Rather than throw in the towel, a bruised and battered Walt took that fateful train ride back to California. It was on that ride that he imagined his most lucrative creation to date – Mickey Mouse. After the success of his animated adaptation of Snow White, he used the profits to build his own studio.
“2 years later I was almost broke, haha, but had all these pictures in the works – Pinnochio, Bambi, Fantasia and then the war came… so many of my [artists] went into the service… so I stopped feature production, it’s all I could do.” However, never one to slow down, the halt on his animated films forced Walt to diversify into live action film.
9. Do something to help others, not yourself. Throughout the parks, whenever an area is under construction, there are signs posted around the grounds with inspirational quotes from Walt, showcasing his fundamental beliefs. Walt was a man who believed in standing in his principles and used them to guide each of his creations.
“You don’t build it for yourself. You know what the people want and you build it for them.” When he was building Disney World he explained, “Everything in this room may change time & time again as we move ahead, but the basic philosophy of what we’re planning for Disney World is going to remain very much as it is right now. We know what are goals are, we know what we hope to accomplish…. after 40 some odd years in the business, my greatest reward I think is that I’m happy the public appreciate and accept what I’ve done all these years.”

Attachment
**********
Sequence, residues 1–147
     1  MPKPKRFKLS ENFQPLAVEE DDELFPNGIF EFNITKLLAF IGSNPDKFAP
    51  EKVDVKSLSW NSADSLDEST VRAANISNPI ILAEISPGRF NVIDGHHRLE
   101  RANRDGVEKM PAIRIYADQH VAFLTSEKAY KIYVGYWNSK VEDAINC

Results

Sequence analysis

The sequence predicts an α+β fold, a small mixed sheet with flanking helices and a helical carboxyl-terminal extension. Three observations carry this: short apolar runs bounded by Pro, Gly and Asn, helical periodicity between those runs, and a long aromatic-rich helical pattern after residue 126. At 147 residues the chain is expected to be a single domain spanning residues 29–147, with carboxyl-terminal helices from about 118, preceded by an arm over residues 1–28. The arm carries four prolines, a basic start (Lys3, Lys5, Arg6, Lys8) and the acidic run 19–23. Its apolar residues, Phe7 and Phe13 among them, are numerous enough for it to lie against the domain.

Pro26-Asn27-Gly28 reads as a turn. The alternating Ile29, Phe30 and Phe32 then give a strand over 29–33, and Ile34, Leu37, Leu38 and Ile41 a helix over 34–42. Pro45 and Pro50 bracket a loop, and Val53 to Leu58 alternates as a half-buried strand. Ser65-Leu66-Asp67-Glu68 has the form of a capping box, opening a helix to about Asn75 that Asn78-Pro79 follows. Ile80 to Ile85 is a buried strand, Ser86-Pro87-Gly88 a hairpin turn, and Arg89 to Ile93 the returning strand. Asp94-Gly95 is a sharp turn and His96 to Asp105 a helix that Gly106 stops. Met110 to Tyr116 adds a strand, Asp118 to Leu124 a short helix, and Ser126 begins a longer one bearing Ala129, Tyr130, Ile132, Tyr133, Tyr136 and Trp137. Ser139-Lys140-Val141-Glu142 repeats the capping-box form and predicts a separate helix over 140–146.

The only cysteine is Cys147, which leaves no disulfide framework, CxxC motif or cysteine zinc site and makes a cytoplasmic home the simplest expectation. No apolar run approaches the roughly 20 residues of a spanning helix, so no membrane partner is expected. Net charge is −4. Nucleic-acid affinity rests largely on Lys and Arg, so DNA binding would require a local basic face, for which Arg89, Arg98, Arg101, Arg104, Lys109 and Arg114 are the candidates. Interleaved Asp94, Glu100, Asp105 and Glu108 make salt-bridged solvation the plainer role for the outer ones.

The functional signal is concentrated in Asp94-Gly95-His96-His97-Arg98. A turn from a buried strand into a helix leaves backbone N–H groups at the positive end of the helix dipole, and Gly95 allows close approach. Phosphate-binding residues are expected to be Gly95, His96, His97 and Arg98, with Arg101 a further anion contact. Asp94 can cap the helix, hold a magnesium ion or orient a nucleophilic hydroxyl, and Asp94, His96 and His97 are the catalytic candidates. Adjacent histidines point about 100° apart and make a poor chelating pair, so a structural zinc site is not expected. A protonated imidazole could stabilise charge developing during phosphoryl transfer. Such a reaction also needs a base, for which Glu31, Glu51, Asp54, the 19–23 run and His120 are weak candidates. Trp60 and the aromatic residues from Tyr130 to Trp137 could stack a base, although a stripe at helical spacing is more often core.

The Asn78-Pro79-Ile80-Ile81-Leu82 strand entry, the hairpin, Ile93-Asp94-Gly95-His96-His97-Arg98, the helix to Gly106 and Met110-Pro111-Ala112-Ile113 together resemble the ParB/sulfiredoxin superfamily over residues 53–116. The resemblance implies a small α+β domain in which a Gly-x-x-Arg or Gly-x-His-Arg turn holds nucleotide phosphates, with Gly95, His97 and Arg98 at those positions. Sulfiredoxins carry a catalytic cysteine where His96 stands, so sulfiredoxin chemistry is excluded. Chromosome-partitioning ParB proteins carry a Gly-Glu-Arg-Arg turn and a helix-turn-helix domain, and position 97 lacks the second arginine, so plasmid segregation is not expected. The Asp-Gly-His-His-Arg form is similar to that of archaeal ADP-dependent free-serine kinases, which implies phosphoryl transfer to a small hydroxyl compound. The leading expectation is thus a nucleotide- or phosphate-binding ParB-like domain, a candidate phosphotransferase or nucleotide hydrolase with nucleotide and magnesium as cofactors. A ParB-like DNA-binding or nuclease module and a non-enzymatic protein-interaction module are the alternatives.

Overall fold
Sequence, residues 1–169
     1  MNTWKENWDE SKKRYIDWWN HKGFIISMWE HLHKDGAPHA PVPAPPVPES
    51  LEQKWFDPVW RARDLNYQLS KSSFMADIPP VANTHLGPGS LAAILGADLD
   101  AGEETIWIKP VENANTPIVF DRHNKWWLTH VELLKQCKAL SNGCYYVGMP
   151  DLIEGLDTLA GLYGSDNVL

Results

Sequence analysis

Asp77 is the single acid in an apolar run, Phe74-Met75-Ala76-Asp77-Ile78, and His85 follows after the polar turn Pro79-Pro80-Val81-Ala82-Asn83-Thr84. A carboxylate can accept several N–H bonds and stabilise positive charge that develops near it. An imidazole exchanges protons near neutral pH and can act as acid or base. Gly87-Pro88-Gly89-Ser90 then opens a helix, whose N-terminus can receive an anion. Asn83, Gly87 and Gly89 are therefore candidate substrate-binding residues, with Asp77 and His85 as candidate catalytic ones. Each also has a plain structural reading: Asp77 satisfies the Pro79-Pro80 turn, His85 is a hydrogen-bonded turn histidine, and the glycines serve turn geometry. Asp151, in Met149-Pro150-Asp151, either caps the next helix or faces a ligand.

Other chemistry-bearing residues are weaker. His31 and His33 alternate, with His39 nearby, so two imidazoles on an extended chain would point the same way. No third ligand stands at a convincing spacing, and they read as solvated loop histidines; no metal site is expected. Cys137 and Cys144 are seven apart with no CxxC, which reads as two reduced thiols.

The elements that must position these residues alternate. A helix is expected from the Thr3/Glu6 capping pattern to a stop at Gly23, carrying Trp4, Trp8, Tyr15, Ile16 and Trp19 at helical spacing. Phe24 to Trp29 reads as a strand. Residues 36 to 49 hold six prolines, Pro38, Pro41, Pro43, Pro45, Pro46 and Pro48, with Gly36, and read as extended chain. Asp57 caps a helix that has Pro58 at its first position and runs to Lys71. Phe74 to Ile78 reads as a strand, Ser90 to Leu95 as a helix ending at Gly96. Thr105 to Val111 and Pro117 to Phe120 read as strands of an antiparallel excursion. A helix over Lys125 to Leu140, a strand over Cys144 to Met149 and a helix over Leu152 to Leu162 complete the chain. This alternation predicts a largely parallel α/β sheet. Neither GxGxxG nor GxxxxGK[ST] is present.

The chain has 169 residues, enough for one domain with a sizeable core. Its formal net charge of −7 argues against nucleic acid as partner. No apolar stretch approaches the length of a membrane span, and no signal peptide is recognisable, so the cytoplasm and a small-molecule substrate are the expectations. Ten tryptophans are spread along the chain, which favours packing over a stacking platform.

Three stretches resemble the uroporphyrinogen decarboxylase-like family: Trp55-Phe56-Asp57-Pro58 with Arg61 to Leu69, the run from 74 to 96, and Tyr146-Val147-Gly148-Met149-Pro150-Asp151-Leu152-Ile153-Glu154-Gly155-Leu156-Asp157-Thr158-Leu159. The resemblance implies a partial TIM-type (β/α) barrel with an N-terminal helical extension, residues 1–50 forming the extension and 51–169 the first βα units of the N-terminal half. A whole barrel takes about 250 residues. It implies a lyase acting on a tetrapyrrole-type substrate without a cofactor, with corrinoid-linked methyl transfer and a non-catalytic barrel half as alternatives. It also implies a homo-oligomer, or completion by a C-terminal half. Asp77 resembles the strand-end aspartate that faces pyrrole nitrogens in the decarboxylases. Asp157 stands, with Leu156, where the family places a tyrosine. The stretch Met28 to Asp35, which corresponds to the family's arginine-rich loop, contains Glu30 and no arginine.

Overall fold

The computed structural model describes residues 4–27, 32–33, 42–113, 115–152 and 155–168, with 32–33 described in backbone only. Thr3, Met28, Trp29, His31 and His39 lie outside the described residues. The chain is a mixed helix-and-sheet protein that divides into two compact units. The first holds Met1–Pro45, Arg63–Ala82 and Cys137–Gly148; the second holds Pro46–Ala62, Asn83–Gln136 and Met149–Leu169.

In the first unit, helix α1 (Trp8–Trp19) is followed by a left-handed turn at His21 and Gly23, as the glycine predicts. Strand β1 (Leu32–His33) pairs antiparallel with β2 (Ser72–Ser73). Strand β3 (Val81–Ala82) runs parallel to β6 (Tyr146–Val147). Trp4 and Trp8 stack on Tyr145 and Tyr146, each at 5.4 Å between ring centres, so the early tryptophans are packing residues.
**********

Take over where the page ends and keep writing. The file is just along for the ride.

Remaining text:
10. Make time to live (and learn). When Walt was 30 years old he had what he described as, “a heck of a breakdown.” He and his wife took their very first vacation (he was 31 years old). He came back relaxed, re-energized, and ready to work.
The biggest lesson we can all learn is that your path is truly limitless. When you hit bumps in the road don’t give up, but don’t keep pushing either. Taking time to be re-inspired and allowing yourself to re-imagine things is crucial.
Walt Disney didn’t start out as an animator who wanted to build one of, if not the, biggest brands in the world. He just wanted to carve out his own niche in the world of animation. He continued to dream big and to stay open to new ways of doing things.
There was never a question of if, only a question of when. He knew what his strengths were and pulled others in to fill in the areas he wasn’t strong in, like securing funding, so he could focus on his job.
So what have been some of your ah-ha moments? How did you take those moments and grow from them? Tell us in the comments below!